Wales card 16, mentioned previously because of me fussing about national flags (if you think I am being over picky about this issue try going outside now and burning the national flag and see what happens. You'll find most people get unreasonably animated about such things). Anyway the Welsh are depicted playing Rugby. Those were the days; It notes, 'It takes strong men of the type found in Wales to make a good rugby team.' I wonder where all those chaps went then, Australia and New Zealand I suppose, or perhaps South Africa.

Hawaii gets in there because of surfing, which is nice to see a country not normally seen on cards. Book 'em Danno.

Siam is another country which rarely gets a mention but they seem to do things a bit differently out there. Again after some bloodless cards (although the previous card Japan (Judo) seems likely to end in tears) it turns out they have fighting fish competitions over there.

Now really I should have known this because as a younger man I had an aquarium full of tropical fish, or at least I did until I put a terrapin in there, my advice, don't do that. Anyway I had a blood red Siamese fighting fish. I wanted a dark blue one as well but apparently popping two in a tank together was not the wisest thing to do. Pity the shop owner was not so knowledgeable about terrapins. Anyway it is the males doing the fighting (which presumably means women's liberation is not a strong movement in the fish world, perhaps we should tell the seahorses). The description on the back gets the point across if not in perfect English (look at me casting stones). Huge sums of money are wagered on this sport. Two blue ones are depicted on the card which makes you wonder how the things are recognised. It gets worse. I have been known to watch games of American Football but have the same problem with it as I do horse racing. There is a lot of messing about before and after and not a lot happening during these sporting events. American Football has the added problem of I have not got a clue what is happening most of the time. I am only glad I do not have to watch fish fighting the card informs me it can take up to six hours for the death of one fish to finish the bout. Afterwards I expect there is quite a struggle amongst the gamblers as they determine whose fish is still alive.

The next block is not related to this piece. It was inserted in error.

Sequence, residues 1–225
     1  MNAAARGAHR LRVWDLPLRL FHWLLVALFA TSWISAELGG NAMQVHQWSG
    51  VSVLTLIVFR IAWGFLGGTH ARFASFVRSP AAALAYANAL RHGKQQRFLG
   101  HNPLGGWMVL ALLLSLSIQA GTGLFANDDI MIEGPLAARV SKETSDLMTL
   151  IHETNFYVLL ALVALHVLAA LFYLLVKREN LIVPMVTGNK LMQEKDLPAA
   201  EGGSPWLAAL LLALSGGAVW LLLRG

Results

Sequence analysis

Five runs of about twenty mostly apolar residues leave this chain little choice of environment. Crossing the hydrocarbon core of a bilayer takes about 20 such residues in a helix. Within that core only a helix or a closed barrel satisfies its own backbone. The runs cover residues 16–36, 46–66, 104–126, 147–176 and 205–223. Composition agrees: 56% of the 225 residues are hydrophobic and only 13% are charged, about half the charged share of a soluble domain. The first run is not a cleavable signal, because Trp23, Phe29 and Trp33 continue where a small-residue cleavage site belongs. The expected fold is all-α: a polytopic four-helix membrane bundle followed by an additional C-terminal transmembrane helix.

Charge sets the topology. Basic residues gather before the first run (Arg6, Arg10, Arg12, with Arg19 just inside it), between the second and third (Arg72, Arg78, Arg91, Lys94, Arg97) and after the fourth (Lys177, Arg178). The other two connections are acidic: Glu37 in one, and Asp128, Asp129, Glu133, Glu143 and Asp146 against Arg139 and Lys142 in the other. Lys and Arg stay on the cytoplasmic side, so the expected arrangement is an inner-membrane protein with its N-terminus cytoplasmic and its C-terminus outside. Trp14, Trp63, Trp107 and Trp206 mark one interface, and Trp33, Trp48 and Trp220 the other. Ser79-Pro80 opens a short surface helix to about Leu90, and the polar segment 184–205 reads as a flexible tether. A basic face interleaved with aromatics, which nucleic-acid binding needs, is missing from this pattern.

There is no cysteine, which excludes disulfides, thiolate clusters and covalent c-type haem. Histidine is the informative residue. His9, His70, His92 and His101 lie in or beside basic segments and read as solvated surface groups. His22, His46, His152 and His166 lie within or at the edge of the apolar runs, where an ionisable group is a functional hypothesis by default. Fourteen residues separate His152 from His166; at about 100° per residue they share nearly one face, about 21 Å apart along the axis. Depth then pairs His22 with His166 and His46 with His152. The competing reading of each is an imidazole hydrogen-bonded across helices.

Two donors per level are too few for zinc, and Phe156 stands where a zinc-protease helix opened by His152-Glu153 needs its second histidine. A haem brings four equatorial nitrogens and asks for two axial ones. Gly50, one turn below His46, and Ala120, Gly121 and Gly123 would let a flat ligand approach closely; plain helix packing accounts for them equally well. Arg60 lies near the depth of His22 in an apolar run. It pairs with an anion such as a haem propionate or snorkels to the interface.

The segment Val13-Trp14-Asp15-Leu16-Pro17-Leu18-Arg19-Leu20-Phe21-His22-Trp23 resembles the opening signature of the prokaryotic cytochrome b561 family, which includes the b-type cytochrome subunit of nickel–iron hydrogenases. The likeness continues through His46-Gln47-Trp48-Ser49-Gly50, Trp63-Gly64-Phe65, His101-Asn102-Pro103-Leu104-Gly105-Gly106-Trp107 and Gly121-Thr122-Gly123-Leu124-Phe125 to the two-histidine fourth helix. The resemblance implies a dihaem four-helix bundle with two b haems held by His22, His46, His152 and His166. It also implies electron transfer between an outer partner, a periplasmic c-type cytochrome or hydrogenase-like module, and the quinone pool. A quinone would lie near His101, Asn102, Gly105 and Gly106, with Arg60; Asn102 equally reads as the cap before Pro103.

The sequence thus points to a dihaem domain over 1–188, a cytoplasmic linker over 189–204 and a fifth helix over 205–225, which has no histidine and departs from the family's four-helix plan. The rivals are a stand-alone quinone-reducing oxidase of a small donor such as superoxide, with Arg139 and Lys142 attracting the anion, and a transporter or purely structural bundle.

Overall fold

You would not think fish were really designed for fighting would you, which could explain the length of time taken.

I wrote of my surprise there was a Chinese national in the set Players, Tennis, good to see, but I was surprised to discover they were a tennis playing nation. Well card 21 puts me in my place, keen tennis players in fact notes the card. However the national game is table tennis (which is no surprise considering the general domination they have of this game. A psychology teacher explained the Chinese had the best spatial awareness of any race and that made them good at table tennis.). I would have liked to have seen a bit more nationalistic flavour to the game being played really, table tennis seems a bit of a cop-out for this set, surely there could be something a bit more Chinese orientated.

Those curling stones are heavy which makes me wonder if anyone has dropped one on the ice from any height and managed to end up with their stone at the bottom of the pond. I remember reading somewhere there are rules which apply to events such as stones being split assunder. Obviously the game was pretty brutal in the past, or the stones not quite so good, rather like explodingsnooker balls. Don't you just wish these randon equipment failures still occured to enliven things.
For the record usually made of granite the stones weigh between 35-40 lbs and if the stone does break it is the largest fragment that counts.
In the UK the sport is sometimes played but we used iron 'stones' and these could weigh up to 70 lbs.
Also if the handle leaves the stone before the shot is played the player has to retain the handle if they wish to replay the shot. Am I the only one that finds this interesting?

Switzerland (card 23) has borrowed Scotlands national sport (if Churchmans, Sports & Games in Many lands is to be believed). Curling is the game for them, obviously having had enough of their skiing in the late 1920's. The reverse of the card describes the game as like bowls but with stones with a handle on top (surreal) the illustration leading you to get the rest of the information, like it is played on ice although the stones look a lot smaller than when I remember lifting one.

Card 24, Malaya, the card mentions large parts of it are under British protection and this seems to lead naturally to the idea they play a lot of badminton.

The last card of the series is Scotland and the illustrator has gone wild.

The Highland Games is the sport focused on which might well be fairer than Curling. The card rightly notes that many a sport makes up the highland games but focuses on 'Tossing the Caber' The illustrator chooses just this moment, a fellow in a kilt running forward with what looks like a large party snack cupped in his hands held at waist height just getting ready to toss it.

Reading the reverse you discover the party snack is something rather more substantial being a 14 foot trunk of a fir tree. The winner being the fellow that having picked the trunk up vertically throws it the furthest. I cannot have been the only person to have watched John Noakes have a go at this in some children's program and nearly rupturing himself.

So there you have it a set with some quirks in it but good to see that even a set designed for children has less bloodsport in it than many a pre-war cigarette card set.